The awards recognise those who have fostered enduring partnerships between the cultural and private sectors and encouraged the spirit of giving to the arts.
Private support for the arts has almost doubled in the past ten years, increasing by 98 per cent to $221 million.
It now accounts for 10 per cent of all arts funding in Australia with cultural and creative activity contributing $86 billion (6.9%) to the country’s GDP every year.
‘Everyone has come to realise,’ Mary Jo Capps said, ‘that … the private sector working with the arts is enabling both parties to reach a dream that they couldn’t do on their own.’
Four awards were presented at the ceremony—Sydney’s Peter Wilson received the Emerging Philanthropy Leadership Award, Julieanne Alroe and Richard Goyder AO shared the Business Arts Leadership Award, Mary Jo Capps received the Arts Leadership Award and Naomi Milgrom AO received the Philanthropy Leadership Award.
The winner of the Emerging Philanthropy Leadership Award, Peter Wilson, is a Board Member of Belvoir, as well as being chair of Playwriting Australia.Richard Goyder AO, joint winner of the Creative Partnership Australia Business Leadership Award isManaging Director of Wesfarmers, West Australian Symphony Orchestra's and WestAustralian Opera's Principal Partner and West Australian Ballet's Lead Partner.
The Arts Leadership Award is for ‘an individual working in the arts and cultural sector who through their leadership, advocacy, practice and example has made an exceptional contribution to Australia’s cultural life; demonstrating vision, commercial acumen and strategic thinking in their engagement with donors and business, an encouraging increased giving to the arts’.
Mary Jo Capps has worked in the Australian cultural industry for more than 30 years after graduating with an MA in Musicology from the University of Toronto.
In 1999 she was appointed CEO of Musica Viva Australia, where she continues to champion music education.
‘Despite all the evidence and advocacy of the past 30 years and more, approximately 80 per cent of Australian children still do not receive a music education program that is rich in its resources, broad in its scope, and lasting in its impact, taught by people who are equipped with specialist knowledge,’ she said.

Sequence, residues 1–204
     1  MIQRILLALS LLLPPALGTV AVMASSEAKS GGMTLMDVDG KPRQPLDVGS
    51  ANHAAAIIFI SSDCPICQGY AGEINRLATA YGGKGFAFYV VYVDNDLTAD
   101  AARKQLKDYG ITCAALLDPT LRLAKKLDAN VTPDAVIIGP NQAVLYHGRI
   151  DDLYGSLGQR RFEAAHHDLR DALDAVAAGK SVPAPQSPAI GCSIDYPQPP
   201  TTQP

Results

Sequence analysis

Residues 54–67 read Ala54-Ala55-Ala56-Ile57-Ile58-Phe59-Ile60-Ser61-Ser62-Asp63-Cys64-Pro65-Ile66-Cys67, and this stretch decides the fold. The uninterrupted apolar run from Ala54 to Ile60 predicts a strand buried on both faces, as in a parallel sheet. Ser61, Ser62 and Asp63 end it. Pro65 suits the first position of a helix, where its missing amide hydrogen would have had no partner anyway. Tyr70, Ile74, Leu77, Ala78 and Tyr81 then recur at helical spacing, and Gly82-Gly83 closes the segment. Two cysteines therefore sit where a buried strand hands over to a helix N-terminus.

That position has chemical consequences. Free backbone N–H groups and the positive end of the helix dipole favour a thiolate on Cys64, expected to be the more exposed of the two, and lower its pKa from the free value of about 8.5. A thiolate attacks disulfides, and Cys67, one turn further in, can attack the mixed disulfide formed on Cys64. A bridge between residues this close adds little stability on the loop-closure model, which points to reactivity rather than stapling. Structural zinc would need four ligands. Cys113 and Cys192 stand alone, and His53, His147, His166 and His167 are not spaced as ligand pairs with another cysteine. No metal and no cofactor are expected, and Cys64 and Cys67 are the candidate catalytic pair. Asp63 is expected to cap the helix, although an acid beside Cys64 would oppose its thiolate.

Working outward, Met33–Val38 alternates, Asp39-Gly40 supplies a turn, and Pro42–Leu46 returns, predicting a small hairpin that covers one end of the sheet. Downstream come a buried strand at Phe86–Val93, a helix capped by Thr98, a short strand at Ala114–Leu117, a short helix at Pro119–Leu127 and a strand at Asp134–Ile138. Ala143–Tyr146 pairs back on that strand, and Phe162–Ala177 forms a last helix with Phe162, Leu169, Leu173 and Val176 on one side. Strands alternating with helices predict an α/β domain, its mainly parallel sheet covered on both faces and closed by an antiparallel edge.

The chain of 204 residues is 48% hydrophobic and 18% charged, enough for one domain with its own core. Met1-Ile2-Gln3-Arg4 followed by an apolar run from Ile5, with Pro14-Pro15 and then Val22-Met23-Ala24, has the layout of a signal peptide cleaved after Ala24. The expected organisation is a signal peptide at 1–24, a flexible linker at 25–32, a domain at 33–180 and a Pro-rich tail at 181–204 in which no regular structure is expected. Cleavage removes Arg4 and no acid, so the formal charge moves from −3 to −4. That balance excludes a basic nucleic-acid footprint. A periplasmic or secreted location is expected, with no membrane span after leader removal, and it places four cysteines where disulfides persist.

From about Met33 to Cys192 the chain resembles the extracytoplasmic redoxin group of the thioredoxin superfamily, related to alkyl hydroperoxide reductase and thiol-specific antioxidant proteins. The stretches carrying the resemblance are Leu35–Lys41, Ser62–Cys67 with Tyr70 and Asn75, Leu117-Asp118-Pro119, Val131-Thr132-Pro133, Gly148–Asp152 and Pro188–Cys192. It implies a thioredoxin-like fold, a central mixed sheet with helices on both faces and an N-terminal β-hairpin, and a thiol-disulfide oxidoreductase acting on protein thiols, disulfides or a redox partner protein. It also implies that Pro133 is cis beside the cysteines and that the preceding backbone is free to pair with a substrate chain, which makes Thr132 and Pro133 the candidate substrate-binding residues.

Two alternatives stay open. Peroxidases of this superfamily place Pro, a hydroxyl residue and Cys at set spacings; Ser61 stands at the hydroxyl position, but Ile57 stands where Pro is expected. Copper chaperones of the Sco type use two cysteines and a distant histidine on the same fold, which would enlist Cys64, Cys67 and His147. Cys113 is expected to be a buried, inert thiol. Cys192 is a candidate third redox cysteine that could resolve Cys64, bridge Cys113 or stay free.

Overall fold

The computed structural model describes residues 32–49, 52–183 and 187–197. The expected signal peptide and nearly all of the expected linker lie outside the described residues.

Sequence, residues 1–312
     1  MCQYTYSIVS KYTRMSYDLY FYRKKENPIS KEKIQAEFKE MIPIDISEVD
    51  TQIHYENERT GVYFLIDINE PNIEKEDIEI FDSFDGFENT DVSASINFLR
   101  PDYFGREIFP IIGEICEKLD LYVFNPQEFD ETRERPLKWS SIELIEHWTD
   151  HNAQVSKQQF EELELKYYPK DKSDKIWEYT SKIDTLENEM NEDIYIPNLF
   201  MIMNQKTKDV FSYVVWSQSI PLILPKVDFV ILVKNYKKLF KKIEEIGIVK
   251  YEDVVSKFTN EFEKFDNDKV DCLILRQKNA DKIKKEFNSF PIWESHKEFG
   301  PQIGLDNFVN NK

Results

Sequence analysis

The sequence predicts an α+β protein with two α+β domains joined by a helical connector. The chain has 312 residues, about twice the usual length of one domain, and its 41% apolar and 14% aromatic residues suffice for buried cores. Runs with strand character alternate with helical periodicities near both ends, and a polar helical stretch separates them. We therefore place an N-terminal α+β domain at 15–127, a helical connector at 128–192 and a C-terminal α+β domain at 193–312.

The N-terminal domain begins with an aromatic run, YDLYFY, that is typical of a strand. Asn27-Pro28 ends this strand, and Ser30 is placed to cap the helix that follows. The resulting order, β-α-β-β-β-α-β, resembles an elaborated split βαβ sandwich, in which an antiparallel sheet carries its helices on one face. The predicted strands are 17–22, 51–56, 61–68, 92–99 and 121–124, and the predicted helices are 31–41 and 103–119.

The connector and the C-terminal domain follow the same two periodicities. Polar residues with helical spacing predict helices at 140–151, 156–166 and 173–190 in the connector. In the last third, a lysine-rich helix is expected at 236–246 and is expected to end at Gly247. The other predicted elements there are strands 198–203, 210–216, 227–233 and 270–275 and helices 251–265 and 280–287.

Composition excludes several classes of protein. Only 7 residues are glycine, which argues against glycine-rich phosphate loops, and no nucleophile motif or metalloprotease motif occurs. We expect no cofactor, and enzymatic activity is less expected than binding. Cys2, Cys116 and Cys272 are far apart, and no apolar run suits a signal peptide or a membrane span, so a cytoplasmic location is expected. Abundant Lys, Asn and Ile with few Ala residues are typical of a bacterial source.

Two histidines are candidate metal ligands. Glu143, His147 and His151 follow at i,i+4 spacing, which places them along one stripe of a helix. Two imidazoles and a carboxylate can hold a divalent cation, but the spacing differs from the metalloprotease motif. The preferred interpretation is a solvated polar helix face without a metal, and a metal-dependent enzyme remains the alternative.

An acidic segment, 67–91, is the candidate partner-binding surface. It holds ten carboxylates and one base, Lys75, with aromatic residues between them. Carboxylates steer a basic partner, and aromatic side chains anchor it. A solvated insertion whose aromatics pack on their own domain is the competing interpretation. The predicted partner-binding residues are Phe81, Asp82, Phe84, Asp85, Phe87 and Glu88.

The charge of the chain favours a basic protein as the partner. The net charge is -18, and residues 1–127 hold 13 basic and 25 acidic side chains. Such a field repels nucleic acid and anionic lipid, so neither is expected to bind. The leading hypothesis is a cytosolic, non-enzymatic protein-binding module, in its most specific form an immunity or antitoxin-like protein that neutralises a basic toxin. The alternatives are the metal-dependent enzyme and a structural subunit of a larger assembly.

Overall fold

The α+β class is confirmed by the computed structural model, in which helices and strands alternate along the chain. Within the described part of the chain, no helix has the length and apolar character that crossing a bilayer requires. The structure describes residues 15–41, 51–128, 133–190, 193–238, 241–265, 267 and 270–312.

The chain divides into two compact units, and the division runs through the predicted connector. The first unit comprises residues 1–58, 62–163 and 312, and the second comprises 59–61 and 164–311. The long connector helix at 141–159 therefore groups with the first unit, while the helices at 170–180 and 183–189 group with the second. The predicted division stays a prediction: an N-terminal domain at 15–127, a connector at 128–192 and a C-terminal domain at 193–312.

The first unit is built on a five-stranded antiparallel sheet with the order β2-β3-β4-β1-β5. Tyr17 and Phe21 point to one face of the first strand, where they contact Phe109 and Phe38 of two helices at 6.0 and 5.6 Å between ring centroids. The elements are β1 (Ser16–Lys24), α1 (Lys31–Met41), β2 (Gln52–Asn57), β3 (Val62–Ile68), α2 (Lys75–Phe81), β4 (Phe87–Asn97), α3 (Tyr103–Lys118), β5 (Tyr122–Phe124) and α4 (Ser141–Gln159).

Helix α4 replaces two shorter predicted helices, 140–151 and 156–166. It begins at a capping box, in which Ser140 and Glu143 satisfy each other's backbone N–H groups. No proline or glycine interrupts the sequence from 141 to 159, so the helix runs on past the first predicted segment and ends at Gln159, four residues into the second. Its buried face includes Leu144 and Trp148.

‘It is the right of every child to have access to quality music at every stage of their development.’
Since Musica Viva In Schools began in 1981, it has reached over 7 million children across Australia and is the largest private provider of music education program in Australian classrooms.
In 2013 Musica Viva musicians travelled over 120,000 kilometres to deliver music education programs to over 260,000 students through 1,700 concerts, workshops and residencies as well as providing to thousands of teachers.
At the awards ceremony Minister for the Arts, Senator the Hon Mitch Fifield, congratulated the recipients: ‘They are inspirational leaders whose achievements exemplify the benefits of strong, mutual partnerships between the artistic and private sectors.
‘I thank each of the winners for their exceptional contributions to Australia’s cultural life.’
In 2010, Mary Jo became the first female President of the Sydney Business Chamber since it was founded in 1825. She is currently Chair of the Advisory Board of the Faculty of the VCA and Melbourne Conservatorium of Music, University of Melbourne, a Board Director of the Community Council of Australia, Green Music Australia and of the Peggy Glanville Hicks Trust, and a Council member of the Centre for Social Impact. She works as a professional mentor and is actively engaged in supporting emerging talent, particularly in arts administration.
Photo LtoR: Fiona Menzies (CEO, Creative Partnerships Australia), Naomi Milgrom, Minister Mitch Fifield, Peter Wilson, Mary Jo Capps, Julieanne Alroe